That this report should of been produced within the professional managerial class should tell us instantly that it represents no threat to the established order. That's because its  supporters are not concerned with building the mass political support required to pursue a truly revolutionary agenda but are simply intent on campaigning against what they describe as  'systemic racism' within capitalism and neoliberalism itself.

This is an agenda that a neoliberal government can embrace because it attaches no responsibility for such pressing matters as the high rate of Maori unemployment and homelessness to our capitalist economic system but rather to 'systemic racism' - which is such an amorphous and ill-defined term it can come to mean anything you want it to be. But it has become the liberal orthodoxy, the orthodoxy you hear being talked about on RNZ and wrote about on Stuff and trotted out by so-called 'progressive' politicians like Green co-leader Marama Davidson. She recently told a meeting of the Waikato Mongrel Mob that their problems could be traced back to 'enduring and systemic racism'. She was joined at the meeting by the Human Rights Commissioner Paul Hunt whose presence suggested he agreed with Davidson's  political assessment.

As Catherine Liu has observed in her new book The Virtue Hoarders: The Case Against the Professional Managerial Class, anti-racist politics is a class politics. It is rooted within the professional managerial class - in which supporters of such politics predominantly reside. They exist in academia, in politics, in the public service, in the media, in the social services and non profit sector, in the education sector, in the corporate sector. This is a politics that upholds the centrality of race to explain Maori injustice and economic disadvantage and excludes class and anti-capitalist politics. But it is they who have assumed the right to speak for working class Maori who, like working class Pakeha, have little to thank capitalism for. Unlike Marama Davidson - who is on a annual salary of some $250,000.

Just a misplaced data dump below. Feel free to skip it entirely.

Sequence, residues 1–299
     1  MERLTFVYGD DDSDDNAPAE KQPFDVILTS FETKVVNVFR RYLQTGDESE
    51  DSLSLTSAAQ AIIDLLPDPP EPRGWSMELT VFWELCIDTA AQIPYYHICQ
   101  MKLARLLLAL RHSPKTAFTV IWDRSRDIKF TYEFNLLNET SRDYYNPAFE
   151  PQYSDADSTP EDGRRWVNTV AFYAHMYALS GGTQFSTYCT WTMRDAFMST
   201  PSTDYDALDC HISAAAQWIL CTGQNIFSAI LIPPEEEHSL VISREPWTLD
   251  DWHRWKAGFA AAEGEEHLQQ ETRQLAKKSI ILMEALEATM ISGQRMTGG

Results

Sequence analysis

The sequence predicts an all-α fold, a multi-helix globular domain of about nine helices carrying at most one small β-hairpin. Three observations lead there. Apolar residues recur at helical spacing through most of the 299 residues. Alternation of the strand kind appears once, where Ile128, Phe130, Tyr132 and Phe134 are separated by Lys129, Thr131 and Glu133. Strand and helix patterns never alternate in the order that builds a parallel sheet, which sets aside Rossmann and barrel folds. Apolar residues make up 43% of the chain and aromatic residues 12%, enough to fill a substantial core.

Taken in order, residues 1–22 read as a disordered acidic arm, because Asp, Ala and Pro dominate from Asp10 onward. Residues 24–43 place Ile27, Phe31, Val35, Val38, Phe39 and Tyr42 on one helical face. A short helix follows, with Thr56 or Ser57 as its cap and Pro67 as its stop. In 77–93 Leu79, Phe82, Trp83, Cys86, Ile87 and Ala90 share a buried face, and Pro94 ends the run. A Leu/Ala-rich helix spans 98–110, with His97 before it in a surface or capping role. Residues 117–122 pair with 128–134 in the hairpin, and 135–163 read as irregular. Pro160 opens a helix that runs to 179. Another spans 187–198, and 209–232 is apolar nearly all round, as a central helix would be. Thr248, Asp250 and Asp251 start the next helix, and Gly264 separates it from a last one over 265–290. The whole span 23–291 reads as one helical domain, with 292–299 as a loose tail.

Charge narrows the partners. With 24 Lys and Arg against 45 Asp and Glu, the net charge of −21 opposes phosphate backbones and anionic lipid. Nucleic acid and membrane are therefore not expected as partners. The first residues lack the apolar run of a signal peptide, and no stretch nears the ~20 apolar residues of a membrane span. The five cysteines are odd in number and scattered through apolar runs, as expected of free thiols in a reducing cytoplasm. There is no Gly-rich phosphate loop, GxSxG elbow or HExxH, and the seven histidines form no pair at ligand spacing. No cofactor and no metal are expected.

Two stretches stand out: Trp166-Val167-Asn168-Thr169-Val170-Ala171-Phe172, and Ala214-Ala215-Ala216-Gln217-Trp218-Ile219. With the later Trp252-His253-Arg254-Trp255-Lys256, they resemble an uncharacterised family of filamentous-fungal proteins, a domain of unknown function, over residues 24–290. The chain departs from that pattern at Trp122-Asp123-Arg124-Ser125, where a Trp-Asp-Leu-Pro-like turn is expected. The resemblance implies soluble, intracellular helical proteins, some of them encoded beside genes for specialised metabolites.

What the supporters of He Paupau fail to recognise is that the best way to secure benefits for Maori is to secure them for everybody. But this is seemingly a bridge too far for those who want to talk about 'systemic racism'  but have nothing to say about the role of our economic system. The irony is that while they continue to be criticised  by a conservative bloc consisting of the likes of National leader Judith Collins and ACT leader David Seymour and commentators like Muriel Newman and Chris Trotter, they can pretend to be pursuing a progressive project when, in reality, they are putting up further obstacles in the way of forging a working class solidarity. Race reductionist politics represents little more than the liberal wing of neoliberalism.